But more couples now embrace the concept that one child is enough, a cultural shift that has dragged down birthrates. And some say they are not interested in children at all, even after the latest announcement.

“No matter how many babies they open it up to, I’m not going to have any because children are too troublesome and expensive,” said Li Shan, a 26-year-old product manager at an internet company in Beijing. “I’m impatient and worried that I won’t be able to educate the child well.”

forcing women of Muslim ethnic minorities, like the Uyghurs, to have fewer babies in an effort to suppress their population growth.

A full reversal of the rules could also be seen as a repudiation of a deeply unpopular policy that the party has long defended.

“If a government makes a U-turn today in the West, it’s kind of embarrassing,” said Stuart Gietel-Basten, a professor of social science and public policy at the Hong Kong University of Science and Technology. “But in a country like China, where the same party has been in charge for 70 years or so, then it makes a statement on the policies that were implemented. And so that’s why I think any change that goes through will be quite gradual.”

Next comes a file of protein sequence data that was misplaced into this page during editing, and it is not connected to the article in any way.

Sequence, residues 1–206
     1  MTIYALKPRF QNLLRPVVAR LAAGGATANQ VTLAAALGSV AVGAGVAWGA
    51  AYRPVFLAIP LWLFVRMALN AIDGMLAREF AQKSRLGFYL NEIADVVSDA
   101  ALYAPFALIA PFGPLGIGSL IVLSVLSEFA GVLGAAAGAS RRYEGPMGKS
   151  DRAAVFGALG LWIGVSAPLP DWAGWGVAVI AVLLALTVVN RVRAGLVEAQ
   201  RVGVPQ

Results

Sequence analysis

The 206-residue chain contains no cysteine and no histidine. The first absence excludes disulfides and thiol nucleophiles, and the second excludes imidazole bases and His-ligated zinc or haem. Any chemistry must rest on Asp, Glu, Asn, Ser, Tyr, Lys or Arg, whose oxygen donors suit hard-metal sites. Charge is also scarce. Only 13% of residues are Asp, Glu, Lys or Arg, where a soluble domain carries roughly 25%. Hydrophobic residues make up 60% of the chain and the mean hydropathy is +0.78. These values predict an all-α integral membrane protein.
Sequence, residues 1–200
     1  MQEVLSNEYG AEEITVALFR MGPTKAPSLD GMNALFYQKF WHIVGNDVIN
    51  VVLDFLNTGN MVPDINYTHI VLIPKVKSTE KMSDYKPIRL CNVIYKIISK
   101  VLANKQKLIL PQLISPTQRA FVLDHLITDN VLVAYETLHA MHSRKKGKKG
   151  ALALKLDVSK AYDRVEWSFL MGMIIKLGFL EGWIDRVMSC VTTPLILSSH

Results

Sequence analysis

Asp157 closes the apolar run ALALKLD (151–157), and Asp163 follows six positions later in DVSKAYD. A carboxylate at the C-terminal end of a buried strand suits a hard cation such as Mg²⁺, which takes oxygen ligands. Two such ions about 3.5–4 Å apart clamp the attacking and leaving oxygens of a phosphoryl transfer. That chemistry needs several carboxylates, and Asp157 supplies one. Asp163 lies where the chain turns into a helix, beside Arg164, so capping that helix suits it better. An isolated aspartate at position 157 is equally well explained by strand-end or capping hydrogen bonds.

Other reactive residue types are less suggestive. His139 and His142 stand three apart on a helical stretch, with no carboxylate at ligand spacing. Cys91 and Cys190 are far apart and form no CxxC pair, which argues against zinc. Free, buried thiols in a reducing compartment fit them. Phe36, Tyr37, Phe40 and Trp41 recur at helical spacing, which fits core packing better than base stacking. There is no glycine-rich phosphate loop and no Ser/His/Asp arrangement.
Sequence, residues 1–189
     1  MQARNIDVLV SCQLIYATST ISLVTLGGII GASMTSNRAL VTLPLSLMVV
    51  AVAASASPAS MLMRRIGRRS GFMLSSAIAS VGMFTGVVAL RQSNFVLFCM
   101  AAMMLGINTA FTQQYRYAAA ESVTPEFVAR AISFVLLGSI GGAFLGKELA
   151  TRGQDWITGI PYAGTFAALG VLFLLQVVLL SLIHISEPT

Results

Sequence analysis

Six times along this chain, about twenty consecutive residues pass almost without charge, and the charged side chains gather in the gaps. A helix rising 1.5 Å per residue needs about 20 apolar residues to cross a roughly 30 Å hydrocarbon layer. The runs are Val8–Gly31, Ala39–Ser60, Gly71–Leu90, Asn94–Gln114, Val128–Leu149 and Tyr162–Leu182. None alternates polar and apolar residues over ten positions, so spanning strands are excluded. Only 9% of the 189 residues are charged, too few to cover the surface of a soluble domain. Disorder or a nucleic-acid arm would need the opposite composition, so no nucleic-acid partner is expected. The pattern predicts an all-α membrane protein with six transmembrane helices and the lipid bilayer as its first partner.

For decades, China’s family-planning restrictions empowered the authorities to impose fines on most couples who had more than one child and compel hundreds of millions of Chinese women to undergo invasive procedures.

Gao Bin, a 27-year-old seller of lottery tickets in the eastern city of Qingdao, recalled how his mother had to flee to three different places just to escape family-planning officials because she wanted to keep him. He said that his mother still cries when she recounts those days.

“To be honest, when I saw the announcement of this policy, I was pretty angry,” Mr. Gao said. “I think the government lacks a humane attitude when it comes to fertility.”

Claire Fu and Elsie Chen contributed research.

View Source

>>> Don’t Miss Today’s BEST Amazon Deals! <<<<

U.S.D.A. Will Begin Relief Payments to Black Farmers in June

>>> Check Out Today’s BEST Amazon Deals!<<<<

The United States Department of Agriculture said on Friday that it will begin making loan forgiveness payments in June to thousands of minority farmers as part of the Biden administration’s $4 billion debt relief program.

The initiative, part of the $1.9 trillion economic relief package that Congress passed in March, has been criticized by white farmers, who claim that it is a form of reverse discrimination, and by banks, which have complained they are losing out on profits from lost interest payments. Delays in implementing the program have frustrated Black farmer organizations, whose members have struggled financially for years and received little help from the Trump administration’s farm bailouts last year.